- If the caller requests payment(s) to be made using Faster Payments, before actioning, refer to the advice on Faster Payments in the section Handling client money: verifying bank account details.
- If you have concerns about a potential scam, report it to a senior member of staff immediately. The firm should then report the incident to the police's Action Fraud, the national fraud and cyber-crime reporting centre on 0300 123 2040, and the Solicitors Regulation Authority (SRA) on 0345 850 0999.
Your firm's security policies and training
- Have clear and up-to-date policies and procedures in place for dealing with the risk of scams, including the risk of 'insider' activity.
- Ensure that all staff, including support staff such as payroll staff and those dealing with accounts who may be the first point of contact for fraudsters, and new members of staff, are made aware of the risks and are trained on and understand the firm's policies and safeguards.
- Fraudsters may try to dupe junior members of staff by claiming to be someone important, even claiming to be a senior partner from the firm. Firms should ensure staff are confident in dealing with this and that they are supported when following processes correctly in the face of such behaviour from the caller.
- Consider covering in your security policy the use of technology for remote working purposes and the risks posed by unencrypted devices, USB sticks and use of personal phones, computers and tablets.
- Mobile devices should use ad-blocking software to protect against the threat of being infected by malware in the course of internet browsing.
- Personal devices should never be used for business purposes. If you are Lexcel accredited, version 6 includes a module on security of electronic storage of information. If staff are permitted to use mobile devices, consider restricting access on them to essential data and systems only.
- Consider having a centrally controlled system giving the IT department the ability to wipe lost or stolen devices remotely.
- Consider making staff aware of the dangers of using public Wi-Fi networks. Public Wi-Fi networks cannot be considered secure as the integrity of the Wi-Fi access point and the internet connection can be easily compromised, allowing criminals to intercept and read any data transmitted. Mobile data services such as 4G should be used in preference to public Wi-Fi wherever possible. Firms should consider using a VPN - a virtual private network - to enable secure connections to be made to their offices, and to use this whenever connected to public Wi-Fi, before doing anything else over the connection. While on a public Wi-Fi network, staff should never install any updates to computer programs or access sensitive information, including online-banking services.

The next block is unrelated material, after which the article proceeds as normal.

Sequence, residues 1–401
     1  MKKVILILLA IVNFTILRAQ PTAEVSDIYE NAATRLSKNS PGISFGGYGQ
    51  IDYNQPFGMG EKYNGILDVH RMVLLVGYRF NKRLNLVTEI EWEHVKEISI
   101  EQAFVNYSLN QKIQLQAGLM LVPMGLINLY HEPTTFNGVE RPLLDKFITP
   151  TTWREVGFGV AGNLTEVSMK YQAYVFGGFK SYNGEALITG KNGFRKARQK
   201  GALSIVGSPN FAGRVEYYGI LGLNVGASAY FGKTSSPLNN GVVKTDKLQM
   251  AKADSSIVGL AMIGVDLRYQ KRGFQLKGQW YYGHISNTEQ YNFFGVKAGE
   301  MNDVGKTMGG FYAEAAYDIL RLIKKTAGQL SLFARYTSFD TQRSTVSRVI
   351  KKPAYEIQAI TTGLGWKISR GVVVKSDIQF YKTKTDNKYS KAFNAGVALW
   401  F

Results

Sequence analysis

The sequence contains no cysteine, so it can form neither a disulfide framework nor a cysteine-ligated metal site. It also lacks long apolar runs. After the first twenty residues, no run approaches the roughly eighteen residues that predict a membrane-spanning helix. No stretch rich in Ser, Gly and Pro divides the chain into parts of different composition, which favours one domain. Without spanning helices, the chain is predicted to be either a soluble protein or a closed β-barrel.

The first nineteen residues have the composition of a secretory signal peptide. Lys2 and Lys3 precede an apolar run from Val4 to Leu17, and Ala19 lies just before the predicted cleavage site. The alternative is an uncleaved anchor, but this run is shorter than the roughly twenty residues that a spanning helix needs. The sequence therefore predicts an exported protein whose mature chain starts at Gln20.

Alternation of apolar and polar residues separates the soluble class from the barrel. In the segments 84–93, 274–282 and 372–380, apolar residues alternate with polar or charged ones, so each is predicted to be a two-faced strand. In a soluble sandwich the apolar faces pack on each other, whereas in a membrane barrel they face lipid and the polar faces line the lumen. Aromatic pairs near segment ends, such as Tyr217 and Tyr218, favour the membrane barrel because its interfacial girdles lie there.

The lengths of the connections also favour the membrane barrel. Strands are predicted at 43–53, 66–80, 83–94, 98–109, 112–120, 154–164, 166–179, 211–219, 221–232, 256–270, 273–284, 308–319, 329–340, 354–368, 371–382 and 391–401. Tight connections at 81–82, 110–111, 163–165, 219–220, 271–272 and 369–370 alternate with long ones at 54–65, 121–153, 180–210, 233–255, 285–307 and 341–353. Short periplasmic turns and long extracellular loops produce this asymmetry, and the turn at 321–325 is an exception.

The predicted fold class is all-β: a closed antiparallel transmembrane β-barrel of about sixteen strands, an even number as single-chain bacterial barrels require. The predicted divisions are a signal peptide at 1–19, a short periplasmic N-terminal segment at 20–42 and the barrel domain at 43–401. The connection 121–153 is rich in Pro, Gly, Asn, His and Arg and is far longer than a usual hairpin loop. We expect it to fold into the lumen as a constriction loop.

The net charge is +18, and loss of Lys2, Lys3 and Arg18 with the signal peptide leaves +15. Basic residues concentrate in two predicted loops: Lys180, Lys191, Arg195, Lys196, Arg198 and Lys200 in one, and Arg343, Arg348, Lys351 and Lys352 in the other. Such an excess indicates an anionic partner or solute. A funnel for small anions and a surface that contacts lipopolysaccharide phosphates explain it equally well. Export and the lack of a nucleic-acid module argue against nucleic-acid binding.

- Remind staff that, when using work phone or laptops in public areas, they should be mindful of their surroundings and ensure sensitive information cannot be seen or heard.
- Inform staff not to open unusual emails until they are cleared by the IT department or the firm's IT provider.
- Consider running periodic internet searches against the name of the firm and its partners to ensure that fraudsters have not set up a website purporting to be that of your firm.
- Restrict knowledge of the firm's bank accounts and payments made to a small number of people within the firm who need to know.
- Impress on staff the need to come forward immediately if they have been approached by telephone scammers or if they have left documents, laptops or USB sticks containing sensitive information in a public place.
- Consider printing off and displaying around the firm (particularly for those people who deal with client money) posters issued by the police on how to avoid and report fraud attempts, and by banks, which set out the instructions banks would never give over the phone and provide advice on what to do if you receive a call purporting to be from a bank. Consider changing or moving around these posters on a regular basis to prevent them becoming part of the scenery.
- Ensure that confidential waste is disposed of correctly. Information pertaining to the firm, its clients, banking accounts or details of suppliers can be used to facilitate fraud.
- Regularly review all preventative measures so that they reflect current best practice, are applied consistently across the firm, and are effective.
- Put in place a simple crisis-management process, specifying who will take what action in the event of a successful scam.
- Friday is a popular day for firms to be targeted due to the large number of conveyancing transactions which complete that day, but be aware that scams can occur at any time.
- To increase your firm's awareness of cyber threats and how to combat them, the Law Society can sponsor firms to join the Cyber Security Information Sharing Partnership - a free, collaborative initiative between industry and government for sharing cyberthreat and vulnerability information. Information can be shared on an anonymous basis. See our Cybersecurity webpage for further details.